Mangrove forests typically exhibit strong patterns of zonation. The pioneer species along the open coastline is typically the Api-api mangrove tree (Avicennia alba). Next, along a gradient of decreasing exposure and submergence by seawater are Tall-stilt Mangrove (Rhizophora apiculata) and Smallflower Bruguiera (Bruguiera parviflora), the latter tree which becomes established after about five years and grows to displace Avicennia after aprroximately twenty years. Higher ground, subject to conditions of brackish water rather than seawater, is dominated by White Mangrove (Avicennia officinalis)Crabapple Mangrove (Sonneratia caseolaris), Nipa Palm (Nypa fruticans), and Mangrove Date Palm (Phoenix paludosa).

Biodiversity Features

With a remarkable biodiversity, especially for mangrove ecoregions, there are a total of 528 vertebrate taxa recorded in this ecoregion. There is a diverse mammalian fauna, including numerous large framed species and a plethora of bat taxa. Among avifauna, the ecoregion holds a number of rare waterbirds. There are only two amphibian species occurring in the Indochina mangroves, both of which are anuranAn amphibian that has limbs but no tail (includes all frogs and toads) taxa; however, there is a large array of reptiles found here. Furthermore, the Mekong Delta supports a valuable fishery, especially for shrimp.

caption Tbe endangered Siamang. Source: Suneko


There are no endemic mammals in the ecoregion, but many mammalian species are known to inhabit this mangrove ecoregion, including the Tiger (Panthera tigris), Malayan Tapir (Tapirus indicus), and Siamang (Hylobates syndactylus).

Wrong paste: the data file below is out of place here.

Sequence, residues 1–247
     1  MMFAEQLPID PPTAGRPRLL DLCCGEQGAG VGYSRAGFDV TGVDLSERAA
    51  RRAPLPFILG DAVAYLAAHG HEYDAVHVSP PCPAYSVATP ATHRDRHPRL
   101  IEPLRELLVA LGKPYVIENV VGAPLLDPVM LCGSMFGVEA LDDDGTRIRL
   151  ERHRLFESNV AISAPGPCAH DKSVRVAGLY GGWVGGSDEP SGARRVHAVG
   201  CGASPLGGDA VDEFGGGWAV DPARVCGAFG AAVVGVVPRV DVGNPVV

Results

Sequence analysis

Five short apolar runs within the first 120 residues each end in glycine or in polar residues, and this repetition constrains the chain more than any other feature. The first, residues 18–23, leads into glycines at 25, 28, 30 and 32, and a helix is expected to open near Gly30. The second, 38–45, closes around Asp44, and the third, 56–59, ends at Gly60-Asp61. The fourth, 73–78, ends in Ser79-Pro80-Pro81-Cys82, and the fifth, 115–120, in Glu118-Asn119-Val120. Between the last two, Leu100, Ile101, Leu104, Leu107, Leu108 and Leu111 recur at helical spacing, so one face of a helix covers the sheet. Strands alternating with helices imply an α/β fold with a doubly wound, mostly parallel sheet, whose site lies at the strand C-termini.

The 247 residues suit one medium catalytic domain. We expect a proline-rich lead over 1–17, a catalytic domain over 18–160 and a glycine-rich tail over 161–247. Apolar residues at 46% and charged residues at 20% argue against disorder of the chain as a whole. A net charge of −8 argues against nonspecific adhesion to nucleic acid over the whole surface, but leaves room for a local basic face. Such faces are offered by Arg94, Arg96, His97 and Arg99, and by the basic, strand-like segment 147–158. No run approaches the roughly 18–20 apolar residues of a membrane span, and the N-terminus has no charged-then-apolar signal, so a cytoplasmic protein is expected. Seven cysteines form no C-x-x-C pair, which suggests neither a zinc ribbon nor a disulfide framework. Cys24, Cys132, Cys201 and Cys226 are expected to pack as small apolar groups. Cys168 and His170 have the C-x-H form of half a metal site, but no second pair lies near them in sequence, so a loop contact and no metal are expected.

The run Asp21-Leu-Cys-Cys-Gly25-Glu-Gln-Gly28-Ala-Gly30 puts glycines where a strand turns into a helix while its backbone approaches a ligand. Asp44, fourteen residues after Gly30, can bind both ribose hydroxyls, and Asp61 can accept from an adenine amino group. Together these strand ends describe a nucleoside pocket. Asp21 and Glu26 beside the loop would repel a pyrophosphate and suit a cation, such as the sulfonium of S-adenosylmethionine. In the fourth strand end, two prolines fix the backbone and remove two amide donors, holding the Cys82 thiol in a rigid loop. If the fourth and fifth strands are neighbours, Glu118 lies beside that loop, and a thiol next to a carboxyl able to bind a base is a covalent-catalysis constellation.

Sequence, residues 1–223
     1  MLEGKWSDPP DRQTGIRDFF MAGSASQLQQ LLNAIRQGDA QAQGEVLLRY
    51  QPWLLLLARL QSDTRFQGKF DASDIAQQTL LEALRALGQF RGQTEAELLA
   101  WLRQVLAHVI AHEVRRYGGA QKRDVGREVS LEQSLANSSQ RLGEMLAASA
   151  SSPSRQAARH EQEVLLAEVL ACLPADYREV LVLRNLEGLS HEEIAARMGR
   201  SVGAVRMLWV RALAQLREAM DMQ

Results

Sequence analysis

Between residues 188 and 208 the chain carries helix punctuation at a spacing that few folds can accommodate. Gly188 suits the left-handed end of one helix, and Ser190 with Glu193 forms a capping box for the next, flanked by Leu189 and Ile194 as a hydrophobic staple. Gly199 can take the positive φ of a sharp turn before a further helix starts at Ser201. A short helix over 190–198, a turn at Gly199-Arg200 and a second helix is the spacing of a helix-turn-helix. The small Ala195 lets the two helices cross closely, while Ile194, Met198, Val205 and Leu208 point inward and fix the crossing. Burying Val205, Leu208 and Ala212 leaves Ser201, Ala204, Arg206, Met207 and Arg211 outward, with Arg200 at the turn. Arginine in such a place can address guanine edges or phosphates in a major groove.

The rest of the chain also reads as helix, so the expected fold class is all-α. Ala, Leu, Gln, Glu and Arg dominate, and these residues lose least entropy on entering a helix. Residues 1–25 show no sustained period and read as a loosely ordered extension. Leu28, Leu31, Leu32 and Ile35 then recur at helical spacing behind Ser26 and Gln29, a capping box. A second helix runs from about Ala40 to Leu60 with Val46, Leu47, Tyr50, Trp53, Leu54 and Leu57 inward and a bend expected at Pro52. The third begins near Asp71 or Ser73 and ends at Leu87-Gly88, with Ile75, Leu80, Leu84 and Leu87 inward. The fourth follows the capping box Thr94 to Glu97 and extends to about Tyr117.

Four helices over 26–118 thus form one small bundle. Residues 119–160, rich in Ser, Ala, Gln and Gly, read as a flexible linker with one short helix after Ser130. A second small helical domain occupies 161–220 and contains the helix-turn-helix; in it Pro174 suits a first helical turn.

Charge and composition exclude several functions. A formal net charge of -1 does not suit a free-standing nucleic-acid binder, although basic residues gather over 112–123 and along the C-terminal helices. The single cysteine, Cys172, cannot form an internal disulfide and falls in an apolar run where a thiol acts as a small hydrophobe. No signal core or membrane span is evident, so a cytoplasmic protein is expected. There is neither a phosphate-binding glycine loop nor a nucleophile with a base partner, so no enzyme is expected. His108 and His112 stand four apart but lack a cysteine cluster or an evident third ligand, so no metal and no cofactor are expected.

Numerous waterbirds use the remaining parts of these mangroves, and many of them are endangered. Included in this assemblage are the Lesser Adjutant Stork (Leptoptilos javanicus VU), Storm's Stork (Ciconia stormi EN), White-winged Duck (Asarcornis scutulata EN), and Spot-billed Pelican (Pelecanus philippensis NT).


Only two amphibians are found in the Indochina mangroves, including the Spectacled Toad (Duttaphrynus melanostictus), found expecially on backshores and river banks; Asian Brackish Frog (Fejervarya cancrivora), found in estuarine settings.


There are several reptile species of conservation significance in this ecoregion, including the Monitor Lizard (Varanus salvator), the False Gavial (Tomistoma schlegelii), and the Saltwater Crocodile (Crocodylus porosus).

Current Status

This ecoregion is highly threatened in nearly every locale of its occurrence. About half of the mangroves in southern Vietnam were destroyed by Agent Orange, tank movements, Viet Cong movements, and bombing during the war. Since then, however, the country has launched a large-scale reforestation program. Although protected areas have been created to conserve these mangroves, seven small protected areas (average size of only 117 square kilometres) cover a mere 820 km2 (three percent) of the ecoregion-the majority of the ecoregion is threatened by a multitude of ongoing human activities (table 1).